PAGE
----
Four ursolate substances were prepared from apple peel using Jonagold variety apples. Two substances were encapsulated with cyclodextrins (CD), gamma-CD (gCD), and beta-CD (bCD). The cyclodextrin (CD) encapsulates of ursolic acid were supplied by Betulinies (Stribrna Skalice, Czech Republic). The other two substances were adjusted by homogenization (HAP; Ø > 5 µm) and micronization of apple peel (MAP; Ø = 5 µm)  and were prepared by K2pharm (Opava, Czech Republic) without using organic solvents. All forms were supplemented on a daily basis as water suspensions directly into the stomach using a gastric tube (20 mg of UA per animal). The amount of ursolic acid was determined and verified after extraction of apple peel into ethylacetate by using GC-MS , and the amount of ursolic acid was 5.6 g in 100 g of Jonagold variety apple peel.
The animals were fed with a standard diet for 1 week before the study and then divided into 7 groups at random (n = 6 per group). The standard diet contained 21.1% protein, 5.1% fat, 60.0% carbohydrates, 3.9% fiber, 7.9% minerals, and 2.0% vitamins.
A high-fat diet (HFD) was prepared with 35.5% fat (beef tallow), 59% protein and carbohydrates, and 5.5% minerals and vitamins (Weber, Czech Republic). The corresponding animal groups were fed with this high-fat diet for 6 weeks before experiment.
2.5. Experimental Design
Partial hepatectomy (PH) (70%) was practiced 24 hours before the end of the experiment according to Higgins and Anderson . The animals were anesthetized using ether inhalation before surgery and placed in cages upon awakening. The last doses of ursolic acid were supplemented after PH. The animals were later overdosed with an ether anaesthetic 24 hours after PH and sacrificed by exsanguination from the abdominal aorta. The liver lobes were excised during partial hepatectomy and, the liver remnants were weighed, frozen, and stored for posterior analysis.
Blood samples were collected into a heparin-coated tube from the retro-orbital sinus before the administration of ursolic acid and before PH (Sarstedt, Germany). Blood samples were also collected at the end of the experiment. The blood cells were precipitated by centrifugation, and aliquots of plasma were stored at −20°C for posterior analysis. The concentration of aspartate aminotransferase (AST), alanine aminotransferase (ALT), total cholesterol (tCH), and triglyceride (TAG) was measured using a Cobas 8000 instrument (Roche, Basel). The concentration of hepatocyte growth factor (HGF) in plasma was determined with the sandwich enzyme immunoassay cloud kit (Clone Corporation, USA). Total bile acid (BA) was determined with an enzymatic cycling method (Diazyme Laboratories, USA). Liver weight was calculated by the following equation :where A is the estimated total liver weight at the time of the partial hepatectomy, B is the excised liver weight, and C is the weight of the regenerated liver at sacrifice.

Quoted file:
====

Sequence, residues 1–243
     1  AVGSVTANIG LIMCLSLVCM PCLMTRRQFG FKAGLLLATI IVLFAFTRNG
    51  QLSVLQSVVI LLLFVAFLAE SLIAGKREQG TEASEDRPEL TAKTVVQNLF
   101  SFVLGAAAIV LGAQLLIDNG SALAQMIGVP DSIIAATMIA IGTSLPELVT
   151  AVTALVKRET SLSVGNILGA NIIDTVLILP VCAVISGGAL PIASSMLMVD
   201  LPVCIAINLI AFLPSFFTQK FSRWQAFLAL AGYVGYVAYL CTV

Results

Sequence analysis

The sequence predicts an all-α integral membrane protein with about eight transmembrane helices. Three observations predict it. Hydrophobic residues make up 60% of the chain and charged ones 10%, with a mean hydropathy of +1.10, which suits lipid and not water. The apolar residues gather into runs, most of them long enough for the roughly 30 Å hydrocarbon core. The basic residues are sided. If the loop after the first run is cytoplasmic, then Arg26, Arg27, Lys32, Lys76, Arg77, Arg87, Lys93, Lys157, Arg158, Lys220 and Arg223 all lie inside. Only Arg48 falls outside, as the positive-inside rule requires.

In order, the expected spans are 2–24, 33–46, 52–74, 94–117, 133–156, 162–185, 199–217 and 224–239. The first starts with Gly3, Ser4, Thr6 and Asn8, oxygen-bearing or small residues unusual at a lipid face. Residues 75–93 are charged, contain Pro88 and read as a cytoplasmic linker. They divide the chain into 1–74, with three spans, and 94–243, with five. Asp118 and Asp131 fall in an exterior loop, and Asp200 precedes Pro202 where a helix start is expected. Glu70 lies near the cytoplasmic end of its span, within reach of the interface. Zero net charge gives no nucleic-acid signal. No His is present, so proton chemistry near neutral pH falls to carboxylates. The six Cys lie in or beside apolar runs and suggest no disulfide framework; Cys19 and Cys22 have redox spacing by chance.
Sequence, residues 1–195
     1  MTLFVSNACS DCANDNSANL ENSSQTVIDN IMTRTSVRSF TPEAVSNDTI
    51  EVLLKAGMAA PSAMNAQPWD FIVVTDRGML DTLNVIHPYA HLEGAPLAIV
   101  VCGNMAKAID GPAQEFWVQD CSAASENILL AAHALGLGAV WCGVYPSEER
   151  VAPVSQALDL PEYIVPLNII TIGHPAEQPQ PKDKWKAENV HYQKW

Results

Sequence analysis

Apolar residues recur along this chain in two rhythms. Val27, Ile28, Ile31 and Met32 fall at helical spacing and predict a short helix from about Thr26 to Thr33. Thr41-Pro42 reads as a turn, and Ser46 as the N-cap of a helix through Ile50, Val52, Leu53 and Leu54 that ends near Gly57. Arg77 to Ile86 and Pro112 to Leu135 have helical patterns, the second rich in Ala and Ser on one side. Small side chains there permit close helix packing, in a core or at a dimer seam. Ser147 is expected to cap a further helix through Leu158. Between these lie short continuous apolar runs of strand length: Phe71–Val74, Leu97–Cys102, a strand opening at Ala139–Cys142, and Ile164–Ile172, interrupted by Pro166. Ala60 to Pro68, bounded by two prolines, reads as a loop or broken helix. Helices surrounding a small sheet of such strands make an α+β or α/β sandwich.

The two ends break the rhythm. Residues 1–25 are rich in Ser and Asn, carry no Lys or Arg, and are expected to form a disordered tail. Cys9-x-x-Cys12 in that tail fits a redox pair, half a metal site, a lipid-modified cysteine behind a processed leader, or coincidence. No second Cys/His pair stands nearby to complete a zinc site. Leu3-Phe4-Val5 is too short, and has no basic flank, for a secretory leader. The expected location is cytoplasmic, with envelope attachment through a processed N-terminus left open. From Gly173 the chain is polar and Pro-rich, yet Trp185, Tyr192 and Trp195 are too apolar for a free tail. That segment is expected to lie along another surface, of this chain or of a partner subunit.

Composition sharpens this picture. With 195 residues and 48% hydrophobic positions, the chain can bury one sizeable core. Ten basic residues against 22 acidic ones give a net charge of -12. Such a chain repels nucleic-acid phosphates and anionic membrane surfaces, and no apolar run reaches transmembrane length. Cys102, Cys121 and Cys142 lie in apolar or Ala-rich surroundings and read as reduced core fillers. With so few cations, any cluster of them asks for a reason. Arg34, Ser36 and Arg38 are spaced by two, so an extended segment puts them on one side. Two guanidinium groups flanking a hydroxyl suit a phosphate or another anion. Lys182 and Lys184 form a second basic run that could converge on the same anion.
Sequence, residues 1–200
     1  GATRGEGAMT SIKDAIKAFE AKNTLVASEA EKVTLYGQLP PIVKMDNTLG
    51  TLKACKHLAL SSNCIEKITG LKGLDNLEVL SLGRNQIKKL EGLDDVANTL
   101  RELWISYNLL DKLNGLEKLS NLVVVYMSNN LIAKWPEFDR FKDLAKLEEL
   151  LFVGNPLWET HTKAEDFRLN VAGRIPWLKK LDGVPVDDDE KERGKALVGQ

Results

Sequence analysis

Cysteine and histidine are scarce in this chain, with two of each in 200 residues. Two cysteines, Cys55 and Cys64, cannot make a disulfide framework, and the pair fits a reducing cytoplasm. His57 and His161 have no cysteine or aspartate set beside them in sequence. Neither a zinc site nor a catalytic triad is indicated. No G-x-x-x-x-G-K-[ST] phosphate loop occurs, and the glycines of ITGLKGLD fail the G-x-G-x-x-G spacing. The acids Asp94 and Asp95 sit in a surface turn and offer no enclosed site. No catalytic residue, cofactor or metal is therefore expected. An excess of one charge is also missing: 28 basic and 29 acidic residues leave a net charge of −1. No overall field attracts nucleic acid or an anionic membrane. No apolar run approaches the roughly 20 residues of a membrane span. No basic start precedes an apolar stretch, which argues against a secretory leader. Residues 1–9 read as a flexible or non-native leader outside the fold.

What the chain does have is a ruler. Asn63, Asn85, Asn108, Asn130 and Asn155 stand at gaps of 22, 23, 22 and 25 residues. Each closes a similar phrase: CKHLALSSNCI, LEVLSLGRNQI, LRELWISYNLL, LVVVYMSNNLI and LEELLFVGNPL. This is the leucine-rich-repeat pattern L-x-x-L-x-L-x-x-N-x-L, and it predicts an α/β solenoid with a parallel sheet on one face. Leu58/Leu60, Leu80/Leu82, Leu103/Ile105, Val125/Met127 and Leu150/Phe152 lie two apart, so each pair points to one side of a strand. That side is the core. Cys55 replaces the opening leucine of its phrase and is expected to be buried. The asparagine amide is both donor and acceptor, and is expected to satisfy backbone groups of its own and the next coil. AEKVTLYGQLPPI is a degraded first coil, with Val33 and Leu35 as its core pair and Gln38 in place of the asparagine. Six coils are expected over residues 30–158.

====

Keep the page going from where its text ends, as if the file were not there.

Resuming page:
3.1. RNA Isolation and qPCR
Total RNA was extracted from ∼30 mg of snap frozen liver tissue samples using TRIzol (Invitrogen, USA). RNA concentration was determined with a Nanodrop ND1000 spectrophotometer (Thermo Scientific, USA) at 260/280 nm. RNA integrity was determined with an Agilent bioanalyzer 2100 and RNA 6000 Nano kit (Agilent Technologies, USA). cDNA was synthesized using the Transcriptor First-Strand cDNA Synthesis kit (Roche) using 1 µg of total RNA and a 1 : 2 ratio of dT and random hexamer primers according to the manufacturer’s protocol. Subsequently, 25 ng cDNA was included in the qPCR reaction using the 1X Gene Expression Master Mix and 1X TaqMan-labeled primers (Table 1); the PCR reaction was performed in a RotorGene Q real-time PCR instrument (Qiagen, Netherlands). The housekeeping gene HPRT1 was used as an expression reference. The standardized data were used to calculate relative gene expressions using the 2−ΔΔCT method .
3.2. Statistical Analysis
Analyses were performed with the SigmaStat Software (Systat, USA). First, normality was tested by the Kolmogorov–Smirnov test. In normal data, comparisons were made among the groups using one-way ANOVA followed by Tukey–Kramer’s post hoc test. The results are expressed as the mean ± SD. In the case of non-Gaussian distribution, nonparametric Kruskal–Wallis test and Dunn’s post hoc test were used. Data are expressed as median values (interquartile range). Significance was set at .
The plasma markers of lipid metabolism and liver enzyme activity were evaluated before administration of UA and after the administration of UA and after PH (Table 2). The concentrations of plasma TAG and tCH were significantly reduced following the administration of ursolate compounds in the HF diet group (Table 2). Further, the catalytic activity of ALT and AST confirmed that all UA forms result in the same level of activity in comparison with the CTRL and did not induce liver damage.
The level of tCH after PH (Table 2) was significantly higher in the HF diet groups. The remaining groups did not show hepatic impairment and the lipid metabolism was not different either except for the HF-MAP group where ALT activity was significantly increased. Moreover, significantly increased concentrations of tCH and TAG were observed in the plasma of the HF diet groups after PH in comparison with the CTRL. HGF expression in the liver and plasma levels is shown in Table 3. CYP7A1 expression in the liver and plasma levels of BA are shown in Table 4. The Spearman correlation is shown in Table 5 and Figure 1.